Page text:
Home > Mac administration, Mac OS X > Configuring a VirtualBox VM to be shared by multiple users on the same Mac

Configuring a VirtualBox VM to be shared by multiple users on the same Mac

I was asked at work to set a Fedora Linux VirtualBox virtual machine so that it could be accessed by multiple users on the same Mac. The VM had been already set up in /Users/Shared/VM_directory_name, so I reset the permissions on the VM so that it was read/write by a group that all the users were in and went off to the next issue.

Later that day, I get an update letting me know “Hey, we’re having permissions issues.” When I checked the VM, it looked like VirtualBox was giving ownership of the VM to the last user who had used the VM. Since that was locking out everyone else, this was a problem.

Fortunately, I was not the first person to run into this issue. In the event that someone else needs this, here’s one way to share a VirtualBox VM among multiple users on the same Mac.

1. Put the VM in a place that everyone can access. /Users/Shared is a good place.

2. Configure the VM to be the way you want it.

3. Go into Terminal and run the following commands:

cd ~/Library/VirtualBox

cp ~/Library/VirtualBox/VirtualBox.xml /path/to/shared/location/VirtualBox.xml

mv ~/Library/VirtualBox/VirtualBox.xml ~/Library/VirtualBox/VirtualBox.xml.bak

ln -s /path/to/shared/location/VirtualBox.xml

These commands will copy the configured VirtualBox.xml file to the shared location, back up the existing VirtualBox.xml in ~/Library/VirtualBox, and make a symbolic link to /path/to/shared/location/VirtualBox.xml in ~/Library/VirtualBox.

4. Adjust the permissions of /path/to/shared/location/VirtualBox.xml so that all of your users can read and write to this file.


Note: Because all accounts are linking to the same file, any changes to the VirtualBox configuration by one user will show up for everyone else as well. It also means that if the VirtualBox.xml configuration file stored in /path/to/shared/location is deleted or moved, it disappears for everyone.

Update 10-26-2011:

I also needed to set up a launchdaemon and script to make sure that the permissions stayed set, as VirtualBox on the Mac will reset the permissions of the VM to be exclusively owned by the account that last ran it. The permissions change happens when the VM is shutdown.

Here’s links to the script and the accompanying launchdaemon on my GitHub repo (make owner and group edits as appropriate).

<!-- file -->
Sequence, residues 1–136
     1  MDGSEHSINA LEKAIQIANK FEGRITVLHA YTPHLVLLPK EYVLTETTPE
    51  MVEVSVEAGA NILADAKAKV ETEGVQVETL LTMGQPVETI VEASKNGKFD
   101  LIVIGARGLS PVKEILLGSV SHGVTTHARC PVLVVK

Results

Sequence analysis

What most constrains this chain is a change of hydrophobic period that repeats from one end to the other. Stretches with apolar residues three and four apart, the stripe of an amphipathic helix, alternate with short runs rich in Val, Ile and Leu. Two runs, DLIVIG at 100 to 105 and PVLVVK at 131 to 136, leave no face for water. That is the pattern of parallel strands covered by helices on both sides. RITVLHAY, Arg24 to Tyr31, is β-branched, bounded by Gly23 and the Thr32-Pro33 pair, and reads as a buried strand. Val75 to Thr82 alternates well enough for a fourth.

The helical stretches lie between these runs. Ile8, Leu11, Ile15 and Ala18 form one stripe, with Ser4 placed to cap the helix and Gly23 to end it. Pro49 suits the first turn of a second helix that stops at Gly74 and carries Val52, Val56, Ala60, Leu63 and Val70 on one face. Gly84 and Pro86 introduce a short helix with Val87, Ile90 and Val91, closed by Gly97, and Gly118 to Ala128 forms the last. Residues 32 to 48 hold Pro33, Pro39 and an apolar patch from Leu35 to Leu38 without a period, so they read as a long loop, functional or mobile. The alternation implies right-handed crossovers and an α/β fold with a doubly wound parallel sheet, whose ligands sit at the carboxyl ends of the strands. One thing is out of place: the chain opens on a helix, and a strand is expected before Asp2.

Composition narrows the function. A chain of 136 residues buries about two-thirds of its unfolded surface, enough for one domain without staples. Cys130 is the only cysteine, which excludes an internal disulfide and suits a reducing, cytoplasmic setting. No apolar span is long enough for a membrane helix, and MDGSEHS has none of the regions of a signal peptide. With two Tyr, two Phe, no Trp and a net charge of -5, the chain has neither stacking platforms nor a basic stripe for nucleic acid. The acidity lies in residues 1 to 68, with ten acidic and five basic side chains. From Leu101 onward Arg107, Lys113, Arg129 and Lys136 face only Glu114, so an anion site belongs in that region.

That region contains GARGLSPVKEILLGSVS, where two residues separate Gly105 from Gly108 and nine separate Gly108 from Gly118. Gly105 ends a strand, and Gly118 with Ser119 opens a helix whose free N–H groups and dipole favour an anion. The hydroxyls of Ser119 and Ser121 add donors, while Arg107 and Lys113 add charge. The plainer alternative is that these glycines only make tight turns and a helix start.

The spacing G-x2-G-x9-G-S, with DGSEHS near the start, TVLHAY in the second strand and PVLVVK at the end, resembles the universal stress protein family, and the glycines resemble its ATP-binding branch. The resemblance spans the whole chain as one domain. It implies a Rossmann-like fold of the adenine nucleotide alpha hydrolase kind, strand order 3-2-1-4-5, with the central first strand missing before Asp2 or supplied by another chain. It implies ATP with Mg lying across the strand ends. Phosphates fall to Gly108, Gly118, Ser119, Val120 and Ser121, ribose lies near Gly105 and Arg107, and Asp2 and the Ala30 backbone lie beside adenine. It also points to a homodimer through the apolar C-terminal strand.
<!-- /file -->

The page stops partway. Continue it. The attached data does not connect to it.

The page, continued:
1. October 26, 2011 at 1:14 am

    Ah good ol ln. Is there nothing that symbolic links won’t fix? =)

  2. September 19, 2012 at 1:20 pm

    When I try to run a LaunchDaemon script to just open up permissions to the Vbox (being used in a computer lab) the logs error out saying that there is no such file or directory. When I push the command manually via ARD, it works fine. For the record, the filepath that is causing the problem is this: /Library/LabConfig/Users/setup/VirtualBox\ VMs/ENPS\ VM/ENPS\ VM.vbox
    So it’s a .vbox, not a .xml.
    I know this thread is almost a year old, but I’m sick/worried of pushing the command out manually via ARD in case it fails when someone needs it.

  3. Russ
    November 13, 2013 at 8:27 pm

    Use a hardlink, and the xml file will be much more persistent!

  4. mdelain
    December 29, 2013 at 10:46 pm

    Very interesting tutorial, thanx!
    Could you please detail a little more how to install the script + launcher?

  5. March 2, 2015 at 10:57 pm

    I found a site explaining that in Windows you could set an environment variable to tell VirtualBox where to look for VirtualBox.xml. (http://wp.shaibn.com/how-to-move-virtualboxs-entire-directory-including-virtualbox-xml-itself). That implies there is a feature in the software that we should be able to leverage to change the path and not have to deal with these dynamic links and startup daemons. ie. A much more elegant solution.

    Problem is, I’ve not been able to find it. I set an OS X environment variable (thusly: http://stackoverflow.com/questions/135688/setting-environment-variables-in-os-x) but VirtualBox doesn’t honor the setting. I also poked around the code inside the .app file but couldn’t find a spot to edit from “~/Library/VirtualBox” to “/Users/Shared”.

    What I think I’ll do instead of your links is to set up some Casper Suite policies. Specifically, on login I’ll have a script copy /Users/Shared/VirtualBox.xml down to ~/Library/VirtualBox. Then I’ll have another policy run either at logout or every 15 (or both) to copy it back up again. That way any changes by one user will get saved and the next user gets the most recent changes.

  6. March 2, 2015 at 11:00 pm

    PS: I also looked at the commandset in vboxmanage but saw no such setting therein. That was a bummer, as it’d have been the perfect place for it.

  1. No trackbacks yet.

Leave a Reply

Fill in your details below or click an icon to log in:

WordPress.com Logo

You are commenting using your WordPress.com account. Log Out / Change )

Twitter picture

You are commenting using your Twitter account. Log Out / Change )

Facebook photo

You are commenting using your Facebook account. Log Out / Change )

Google+ photo

You are commenting using your Google+ account. Log Out / Change )

Connecting to %s

Follow

Get every new post delivered to your Inbox.

Join 204 other followers

%d bloggers like this: